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Precaution against earthquakes

All German nuclear power plants should be able to withstand an earthquake. This design is based on an assumption as to what category of earthquake an individual power plant must be able to withstand; this is then termed the design basis earthquake.

Based on this assumption, the building and the technical equipment are constructed so as to allow the safe shutdown of the plant in the event of such an earthquake, while guaranteeing the essential on-going cooling of the fuel rods. In some cases plants have undergone backfitting for improvement.

Design basis earthquake

During the nuclear power plant licensing procedure, the design basis earthquake is individually calculated for the site in question. According to the procedure specified in the nuclear regulatory framework, this equates to the strongest earthquake likely to occur within a radius of 200 kilometres from the nuclear site.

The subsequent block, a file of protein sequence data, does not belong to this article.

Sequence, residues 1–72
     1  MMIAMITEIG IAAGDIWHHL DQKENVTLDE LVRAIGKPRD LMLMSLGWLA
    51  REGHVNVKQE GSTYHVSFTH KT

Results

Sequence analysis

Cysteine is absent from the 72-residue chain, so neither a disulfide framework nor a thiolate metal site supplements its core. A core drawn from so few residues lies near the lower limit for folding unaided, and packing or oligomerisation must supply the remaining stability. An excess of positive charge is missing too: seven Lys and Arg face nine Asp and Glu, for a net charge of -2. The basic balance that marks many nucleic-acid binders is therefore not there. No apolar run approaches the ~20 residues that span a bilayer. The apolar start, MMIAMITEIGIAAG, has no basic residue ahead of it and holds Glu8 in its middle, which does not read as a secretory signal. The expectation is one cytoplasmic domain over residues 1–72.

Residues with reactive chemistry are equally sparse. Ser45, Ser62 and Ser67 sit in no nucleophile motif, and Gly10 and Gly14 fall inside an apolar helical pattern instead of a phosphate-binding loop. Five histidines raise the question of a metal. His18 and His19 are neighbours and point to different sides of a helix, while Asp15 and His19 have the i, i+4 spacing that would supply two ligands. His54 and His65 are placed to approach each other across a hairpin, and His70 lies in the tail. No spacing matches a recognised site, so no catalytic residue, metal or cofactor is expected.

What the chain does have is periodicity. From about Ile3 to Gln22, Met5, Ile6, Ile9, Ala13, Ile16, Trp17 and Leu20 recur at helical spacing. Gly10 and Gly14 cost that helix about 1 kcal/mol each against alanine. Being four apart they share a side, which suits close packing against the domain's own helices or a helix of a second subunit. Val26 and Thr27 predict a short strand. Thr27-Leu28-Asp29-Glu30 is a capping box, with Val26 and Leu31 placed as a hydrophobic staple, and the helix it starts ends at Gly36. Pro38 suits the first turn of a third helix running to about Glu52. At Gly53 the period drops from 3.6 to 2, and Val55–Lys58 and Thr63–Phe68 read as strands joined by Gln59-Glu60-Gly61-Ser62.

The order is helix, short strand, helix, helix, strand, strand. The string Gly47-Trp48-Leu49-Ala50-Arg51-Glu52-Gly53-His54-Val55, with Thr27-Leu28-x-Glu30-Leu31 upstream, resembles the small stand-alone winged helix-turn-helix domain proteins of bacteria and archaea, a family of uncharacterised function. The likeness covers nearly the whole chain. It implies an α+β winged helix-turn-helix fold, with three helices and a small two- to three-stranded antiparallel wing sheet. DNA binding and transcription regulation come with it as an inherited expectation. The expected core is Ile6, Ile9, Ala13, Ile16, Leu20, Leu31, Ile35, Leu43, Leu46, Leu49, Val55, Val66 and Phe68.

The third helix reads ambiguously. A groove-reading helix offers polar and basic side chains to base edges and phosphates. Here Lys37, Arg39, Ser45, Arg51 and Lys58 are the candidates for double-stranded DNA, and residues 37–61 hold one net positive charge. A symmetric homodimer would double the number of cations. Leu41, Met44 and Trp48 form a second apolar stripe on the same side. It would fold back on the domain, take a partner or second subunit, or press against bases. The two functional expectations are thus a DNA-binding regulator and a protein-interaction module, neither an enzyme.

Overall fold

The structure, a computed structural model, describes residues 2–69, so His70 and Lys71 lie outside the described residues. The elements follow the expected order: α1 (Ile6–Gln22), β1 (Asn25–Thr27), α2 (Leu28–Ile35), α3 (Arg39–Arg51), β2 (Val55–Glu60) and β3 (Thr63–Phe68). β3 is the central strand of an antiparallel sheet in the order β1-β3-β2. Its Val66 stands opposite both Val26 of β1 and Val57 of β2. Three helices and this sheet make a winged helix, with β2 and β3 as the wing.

Systematic assessments of earthquake observations made in the relevant region since 800 A.D. form the basis for this assumption. Geological findings concerning seismic shifts are also referred to. Since the assumptions required to calculate the design basis earthquake are naturally subject to uncertainty, a safety margin is included to prevent underestimation. The result is the specification of a design basis earthquake which, it may be assumed, will occur on average every 100,000 years.

Since earthquakes occurring in the Rhine rift valley, for instance, are likely to be stronger than any affecting the north German lowland plain, the nuclear power plants in the region also need to be able to withstand stronger earthquakes.

State of 2018.05.22

© Federal Office for the Safety of Nuclear Waste Management